American Elephants

Making the Catastrophe Worse, Step by Step! by The Elephant's Child

Seventy Days in:

The National Incident Command and the Federal On Scene Coordinator have determined that there is a resource need for boom and skimmers that can be met by offers of assistance from foreign governments and international bodies.

The United States will accept 22 offers of assistance from 12 countries and international bodies, including two high-speed skimmers and fire containment boom from Japan. We are currently working out the particular modalities of delivering the offered assistance. Further details will be forthcoming once these arrangements are complete…

Three days after the BP Deepwater Horizon Rig blew up on April 20, the Netherlands offered the U.S. government ships equipped to handle a major spill — one much larger than the spill that was then under way. The chairman of Spill Response Group Holland said that each Dutch ship had more cleanup capacity than all the ships the U.S. was then employing in the Gulf to combat the spill.

To protect against the possibility that the equipment wouldn’t capture all of the oil gushing from the well, the Dutch also offered to help the U.S. with a contingency plan to protect Louisiana’s marshlands with sand barriers.  A Dutch research institute specializing deltas, coastal areas and rivers developed a strategy to begin building 60-mile long sand dikes within three weeks.

Why didn’t it happen? First of all there’s the Jones Act (the Merchant Marine Act of 1920) intended to protect maritime unions, which precludes a foreign flagged ship from operating near the U.S. Coast.  In the case of Katrina, the Jones Act was waived by the Bush Administration within 3 Days. That’s not all, the superior European technology runs afoul of U.S. environmental rules.  The Dutch ships can suck up vast quantities of oily water, extract most of the oil and then spit overboard vast quantities of nearly oil-free water.  That is not good enough for U.S. regulators.  Better to have no oil soaked up than return water that has more than 15 parts per million of oil to the Gulf of Mexico.  Water that is not 99.9985%pure is just not good enough.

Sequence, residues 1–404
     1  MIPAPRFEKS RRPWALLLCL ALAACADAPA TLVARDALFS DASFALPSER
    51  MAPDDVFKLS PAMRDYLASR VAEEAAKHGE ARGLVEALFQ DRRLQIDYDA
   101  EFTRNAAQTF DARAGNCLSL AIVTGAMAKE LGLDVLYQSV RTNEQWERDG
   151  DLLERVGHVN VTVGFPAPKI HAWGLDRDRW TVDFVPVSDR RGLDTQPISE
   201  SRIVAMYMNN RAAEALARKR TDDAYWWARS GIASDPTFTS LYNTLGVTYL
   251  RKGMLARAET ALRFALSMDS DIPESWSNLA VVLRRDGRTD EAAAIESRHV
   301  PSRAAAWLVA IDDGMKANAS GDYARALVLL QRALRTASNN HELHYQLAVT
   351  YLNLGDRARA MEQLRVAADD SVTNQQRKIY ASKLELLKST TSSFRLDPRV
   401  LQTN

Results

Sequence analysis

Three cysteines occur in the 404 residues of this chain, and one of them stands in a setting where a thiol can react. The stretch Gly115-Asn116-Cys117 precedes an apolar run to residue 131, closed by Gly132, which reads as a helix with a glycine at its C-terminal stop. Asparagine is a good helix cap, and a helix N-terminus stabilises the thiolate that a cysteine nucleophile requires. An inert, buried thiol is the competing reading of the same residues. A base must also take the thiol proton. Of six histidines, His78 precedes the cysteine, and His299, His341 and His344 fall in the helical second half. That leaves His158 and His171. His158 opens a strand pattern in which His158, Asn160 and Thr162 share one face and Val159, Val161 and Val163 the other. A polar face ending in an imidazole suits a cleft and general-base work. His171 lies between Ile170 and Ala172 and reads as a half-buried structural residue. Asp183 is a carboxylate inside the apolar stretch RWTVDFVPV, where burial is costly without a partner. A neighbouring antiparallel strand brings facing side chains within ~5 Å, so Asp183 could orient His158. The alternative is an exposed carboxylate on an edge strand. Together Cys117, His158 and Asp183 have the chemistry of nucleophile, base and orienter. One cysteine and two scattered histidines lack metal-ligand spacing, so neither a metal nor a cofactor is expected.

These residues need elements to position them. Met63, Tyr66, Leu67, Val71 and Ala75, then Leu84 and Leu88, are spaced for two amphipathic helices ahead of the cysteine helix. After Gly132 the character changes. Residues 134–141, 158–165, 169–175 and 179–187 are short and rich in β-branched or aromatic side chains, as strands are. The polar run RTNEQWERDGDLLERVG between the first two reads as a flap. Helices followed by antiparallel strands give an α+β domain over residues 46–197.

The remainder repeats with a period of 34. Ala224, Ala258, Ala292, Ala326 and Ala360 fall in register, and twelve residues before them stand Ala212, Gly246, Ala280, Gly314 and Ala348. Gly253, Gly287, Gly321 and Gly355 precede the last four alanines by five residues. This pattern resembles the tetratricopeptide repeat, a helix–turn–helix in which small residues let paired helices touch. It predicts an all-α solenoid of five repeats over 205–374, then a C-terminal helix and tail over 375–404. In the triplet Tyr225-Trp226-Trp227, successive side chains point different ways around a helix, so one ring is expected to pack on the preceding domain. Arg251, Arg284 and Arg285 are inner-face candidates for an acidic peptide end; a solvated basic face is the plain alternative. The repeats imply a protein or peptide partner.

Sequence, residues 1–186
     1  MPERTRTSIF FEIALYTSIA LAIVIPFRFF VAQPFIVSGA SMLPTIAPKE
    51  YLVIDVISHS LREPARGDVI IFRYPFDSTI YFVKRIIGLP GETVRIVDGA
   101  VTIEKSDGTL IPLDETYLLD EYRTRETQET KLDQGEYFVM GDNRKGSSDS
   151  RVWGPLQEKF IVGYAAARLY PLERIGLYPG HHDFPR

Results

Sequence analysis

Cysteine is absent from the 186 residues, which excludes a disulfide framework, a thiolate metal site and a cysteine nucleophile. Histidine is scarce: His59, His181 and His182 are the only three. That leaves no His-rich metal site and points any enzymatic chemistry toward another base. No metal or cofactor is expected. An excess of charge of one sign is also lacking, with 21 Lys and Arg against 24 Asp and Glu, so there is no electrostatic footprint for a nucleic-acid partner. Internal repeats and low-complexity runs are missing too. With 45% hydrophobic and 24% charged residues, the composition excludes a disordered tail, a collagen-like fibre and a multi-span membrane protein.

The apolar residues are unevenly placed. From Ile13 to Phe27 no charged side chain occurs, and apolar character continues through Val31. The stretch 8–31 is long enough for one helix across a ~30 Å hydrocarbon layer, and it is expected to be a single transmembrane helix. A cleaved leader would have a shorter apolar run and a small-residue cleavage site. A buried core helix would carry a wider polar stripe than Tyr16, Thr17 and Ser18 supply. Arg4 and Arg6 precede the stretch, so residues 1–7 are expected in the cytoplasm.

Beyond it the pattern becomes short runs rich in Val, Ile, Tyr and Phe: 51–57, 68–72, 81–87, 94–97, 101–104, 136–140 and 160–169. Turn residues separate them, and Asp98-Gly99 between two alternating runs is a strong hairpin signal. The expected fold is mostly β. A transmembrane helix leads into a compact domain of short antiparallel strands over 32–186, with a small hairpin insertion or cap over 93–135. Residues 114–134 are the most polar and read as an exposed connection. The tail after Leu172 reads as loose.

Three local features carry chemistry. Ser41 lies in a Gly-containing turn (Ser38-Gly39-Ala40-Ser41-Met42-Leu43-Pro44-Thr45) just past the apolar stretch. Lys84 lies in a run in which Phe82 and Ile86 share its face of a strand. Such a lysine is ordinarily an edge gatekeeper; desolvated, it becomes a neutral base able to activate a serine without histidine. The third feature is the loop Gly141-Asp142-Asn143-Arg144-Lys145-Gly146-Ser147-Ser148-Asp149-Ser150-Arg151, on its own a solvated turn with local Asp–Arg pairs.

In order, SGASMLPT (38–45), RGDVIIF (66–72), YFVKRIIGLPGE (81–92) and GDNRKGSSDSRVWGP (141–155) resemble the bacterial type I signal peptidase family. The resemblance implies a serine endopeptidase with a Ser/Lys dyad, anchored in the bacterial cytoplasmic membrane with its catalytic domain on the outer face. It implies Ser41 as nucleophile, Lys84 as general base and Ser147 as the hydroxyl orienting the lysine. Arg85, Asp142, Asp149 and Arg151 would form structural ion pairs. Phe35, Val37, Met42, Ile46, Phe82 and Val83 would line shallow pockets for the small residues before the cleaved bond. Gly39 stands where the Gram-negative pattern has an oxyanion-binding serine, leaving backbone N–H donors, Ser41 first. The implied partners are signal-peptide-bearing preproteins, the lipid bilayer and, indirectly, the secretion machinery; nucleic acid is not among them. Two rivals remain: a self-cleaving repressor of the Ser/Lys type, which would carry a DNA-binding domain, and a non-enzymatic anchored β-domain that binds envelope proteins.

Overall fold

The Oil Pollution Act of 1990 requires regions to have minimum levels of equipment such as booms and skimmers.

Admiral Allen, the incident commander, said that there are “discussions we’re having across the entire country where we have equipment that’s out there as a requirement — legal requirement to cover spill response of those areas — and how we might free those up.  That’s a work in progress inside the administration right now. ”

The head of French oil spill response company. Ecoceane, said the Jones Act and other difficulties getting through to BP prevented his company from putting boats to work sooner.  He has boats to work offshore, but also smaller models to work in shallower inland waters.  In the end, he sold nine spill response boats to a Florida company last week.  That makes them American boats and gets around Jones Act problems.

The spill is tangled in a web of red-tape, with way too many officials in charge of conflicting regulations, conflicting power, conflicting responsibility.  Allen may be the incident commander, but apparently he does not have any overriding authority, so everything winds up in endless debates and discussions.  A textbook case of how to bungle a crisis.  One of the first things they did was to send down a bunch of lawyers.

AT-AT DAY AFTERNOON by The Elephant's Child
June 29, 2010, 9:31 am
Filed under: Art, Entertainment, Fun n Games | Tags: , ,

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